Update 739 — SCOTUS Seems Moore Unsure: Re Congress’ Authority to Tax Certain Income

Shockwaves hit the tax policy world in late June when the U.S. Supreme Court agreed to hear Moore v. U.S., a case with broad implications regarding Congress’ authority to tax unrealized income. The Court rarely grants cert. on cases brought under the 16th Amendment, which grants Congress the right to levy a federal income tax. 

But after yesterday’s oral argument, it was not any clearer why the Court took the case. Many, if not most, Justices seemed inclined to rule narrowly, upholding precedent, rather than address a wealth tax or adopt the Moores’ reasoning and call into question the validity of large swathes of the current Code.

Below, we present background on the case, explain the stakes in policy terms, analyze the oral argument heard yesterday and outline possible outcomes and consequences.  



The Supreme Court heard oral arguments yesterday in Moore v. U.S., a rare case for the Court concerning the constitutionality of a tax provision enacted by Congress. But depending on the scope of the ruling, it could have major implications for the U.S. tax code. The Court could consider whether the 16th Amendment authorizes Congress to tax unrealized income – for example, appreciation on investments like stocks and bonds that have yet to be sold. A clarification on this issue could call into question the constitutionality of many tax provisions, endangering a large portion of the U.S. revenue base. 

The case was brought by Charles and Kathleen Moore, a couple from Redmond, Washington with an investment of over ten percent in KisanKraft, an Indian company that reinvested its profits without distributing them to its shareholders. The Moores have challenged the Mandatory Repatriation Tax (MRT), a one-time transition tax enacted as part of the 2017 Tax Cuts and Jobs Act (TCJA). To prevent foreign accumulated earnings from going untaxed in perpetuity, the MRT taxes U.S. shareholders of foreign-controlled corporations—like KisanKraft—on the shareholders’ portion of the profits, regardless of whether the profits were distributed to the shareholders, or instead reinvested in the corporation.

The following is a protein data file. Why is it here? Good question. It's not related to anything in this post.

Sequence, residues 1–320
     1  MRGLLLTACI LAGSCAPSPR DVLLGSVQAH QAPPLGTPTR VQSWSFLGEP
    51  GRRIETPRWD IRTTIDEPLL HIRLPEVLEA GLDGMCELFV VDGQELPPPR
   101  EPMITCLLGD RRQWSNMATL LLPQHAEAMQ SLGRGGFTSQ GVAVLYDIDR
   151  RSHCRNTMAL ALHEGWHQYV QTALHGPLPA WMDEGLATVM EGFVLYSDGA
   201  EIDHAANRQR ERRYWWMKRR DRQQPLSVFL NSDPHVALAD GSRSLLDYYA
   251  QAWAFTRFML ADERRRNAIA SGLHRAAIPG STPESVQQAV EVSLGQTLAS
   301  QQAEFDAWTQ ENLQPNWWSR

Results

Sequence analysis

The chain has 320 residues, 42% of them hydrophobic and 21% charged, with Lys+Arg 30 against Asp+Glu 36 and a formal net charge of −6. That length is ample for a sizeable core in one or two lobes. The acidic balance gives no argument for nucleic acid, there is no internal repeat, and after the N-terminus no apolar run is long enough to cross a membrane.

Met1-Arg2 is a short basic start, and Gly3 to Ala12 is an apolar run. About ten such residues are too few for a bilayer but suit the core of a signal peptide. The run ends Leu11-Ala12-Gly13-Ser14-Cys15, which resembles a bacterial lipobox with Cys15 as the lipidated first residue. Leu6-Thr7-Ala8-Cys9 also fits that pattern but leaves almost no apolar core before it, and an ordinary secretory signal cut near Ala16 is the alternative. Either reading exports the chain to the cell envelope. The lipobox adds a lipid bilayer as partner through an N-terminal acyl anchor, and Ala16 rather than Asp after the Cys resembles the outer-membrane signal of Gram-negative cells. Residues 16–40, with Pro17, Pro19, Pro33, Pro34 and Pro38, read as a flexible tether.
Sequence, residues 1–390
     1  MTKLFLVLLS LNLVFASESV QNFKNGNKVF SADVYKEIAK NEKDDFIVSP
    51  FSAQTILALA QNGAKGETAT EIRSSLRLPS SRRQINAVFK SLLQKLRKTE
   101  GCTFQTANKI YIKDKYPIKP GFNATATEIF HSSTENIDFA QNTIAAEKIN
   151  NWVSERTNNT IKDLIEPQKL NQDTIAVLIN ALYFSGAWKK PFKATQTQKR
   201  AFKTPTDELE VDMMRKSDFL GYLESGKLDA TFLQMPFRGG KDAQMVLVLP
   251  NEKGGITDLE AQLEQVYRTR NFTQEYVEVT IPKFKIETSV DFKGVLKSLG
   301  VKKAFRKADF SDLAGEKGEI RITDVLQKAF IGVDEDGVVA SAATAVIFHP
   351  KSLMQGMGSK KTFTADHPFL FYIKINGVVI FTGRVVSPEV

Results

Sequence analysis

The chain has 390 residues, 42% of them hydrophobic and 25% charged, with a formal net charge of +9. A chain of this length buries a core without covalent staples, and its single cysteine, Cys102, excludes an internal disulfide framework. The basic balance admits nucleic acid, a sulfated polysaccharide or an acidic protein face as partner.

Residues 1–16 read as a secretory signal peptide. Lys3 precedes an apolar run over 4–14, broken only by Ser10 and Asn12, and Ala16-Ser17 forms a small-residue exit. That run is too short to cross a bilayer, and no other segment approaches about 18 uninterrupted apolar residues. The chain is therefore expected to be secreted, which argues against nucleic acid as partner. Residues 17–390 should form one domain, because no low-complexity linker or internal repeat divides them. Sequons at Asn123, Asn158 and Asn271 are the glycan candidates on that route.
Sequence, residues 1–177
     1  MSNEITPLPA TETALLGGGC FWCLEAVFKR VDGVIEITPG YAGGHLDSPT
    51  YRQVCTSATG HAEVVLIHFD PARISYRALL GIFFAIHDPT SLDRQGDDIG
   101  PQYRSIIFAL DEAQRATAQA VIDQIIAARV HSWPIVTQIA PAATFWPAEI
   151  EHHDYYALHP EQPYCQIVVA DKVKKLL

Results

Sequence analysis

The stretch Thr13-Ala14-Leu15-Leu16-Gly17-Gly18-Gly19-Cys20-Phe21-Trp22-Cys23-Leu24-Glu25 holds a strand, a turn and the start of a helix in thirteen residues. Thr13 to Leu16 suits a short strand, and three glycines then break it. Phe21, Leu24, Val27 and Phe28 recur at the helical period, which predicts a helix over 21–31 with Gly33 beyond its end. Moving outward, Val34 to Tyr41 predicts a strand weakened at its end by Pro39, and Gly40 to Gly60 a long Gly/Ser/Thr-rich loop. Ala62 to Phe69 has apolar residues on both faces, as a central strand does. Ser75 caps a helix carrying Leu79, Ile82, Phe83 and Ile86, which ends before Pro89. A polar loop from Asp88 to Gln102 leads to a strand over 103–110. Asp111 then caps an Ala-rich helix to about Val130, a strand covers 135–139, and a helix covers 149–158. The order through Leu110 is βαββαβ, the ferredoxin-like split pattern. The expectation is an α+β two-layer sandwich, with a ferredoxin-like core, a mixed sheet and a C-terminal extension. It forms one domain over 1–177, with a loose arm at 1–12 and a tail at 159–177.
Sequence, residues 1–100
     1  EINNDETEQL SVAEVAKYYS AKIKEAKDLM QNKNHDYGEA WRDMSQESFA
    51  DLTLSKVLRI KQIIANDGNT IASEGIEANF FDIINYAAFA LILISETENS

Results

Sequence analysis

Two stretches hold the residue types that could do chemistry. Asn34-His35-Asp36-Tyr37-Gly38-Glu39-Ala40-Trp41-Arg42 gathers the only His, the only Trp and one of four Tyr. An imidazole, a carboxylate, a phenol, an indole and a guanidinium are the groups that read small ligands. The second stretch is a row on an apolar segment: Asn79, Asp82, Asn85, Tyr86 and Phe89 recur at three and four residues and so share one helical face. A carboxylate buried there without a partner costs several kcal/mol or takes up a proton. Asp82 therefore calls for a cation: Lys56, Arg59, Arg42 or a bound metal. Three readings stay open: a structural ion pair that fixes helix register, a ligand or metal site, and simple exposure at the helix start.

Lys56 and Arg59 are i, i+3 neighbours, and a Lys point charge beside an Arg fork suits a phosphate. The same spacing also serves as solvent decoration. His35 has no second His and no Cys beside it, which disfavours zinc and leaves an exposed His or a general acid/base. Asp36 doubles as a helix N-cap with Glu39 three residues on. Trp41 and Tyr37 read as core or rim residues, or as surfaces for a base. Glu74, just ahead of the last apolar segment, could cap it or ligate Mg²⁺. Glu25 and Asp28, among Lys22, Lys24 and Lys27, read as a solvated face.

The Moores argue that the MRT is unconstitutional under the Sixteenth Amendment for two reasons. First, they argue that under the Sixteenth Amendment, taxable income includes only economic gains that have been realized by the taxpayer specifically. Second, they argue that the MRT is a tax on unrealized income–even though the income has been realized by the corporation—because the income may not have been distributed to the shareholders. In the Moores’ view, such a tax is an unconstitutional tax on personal property. This position runs counter to Congress’s long history of enacting taxes that attribute a business entity’s profits to its individual owners and investors.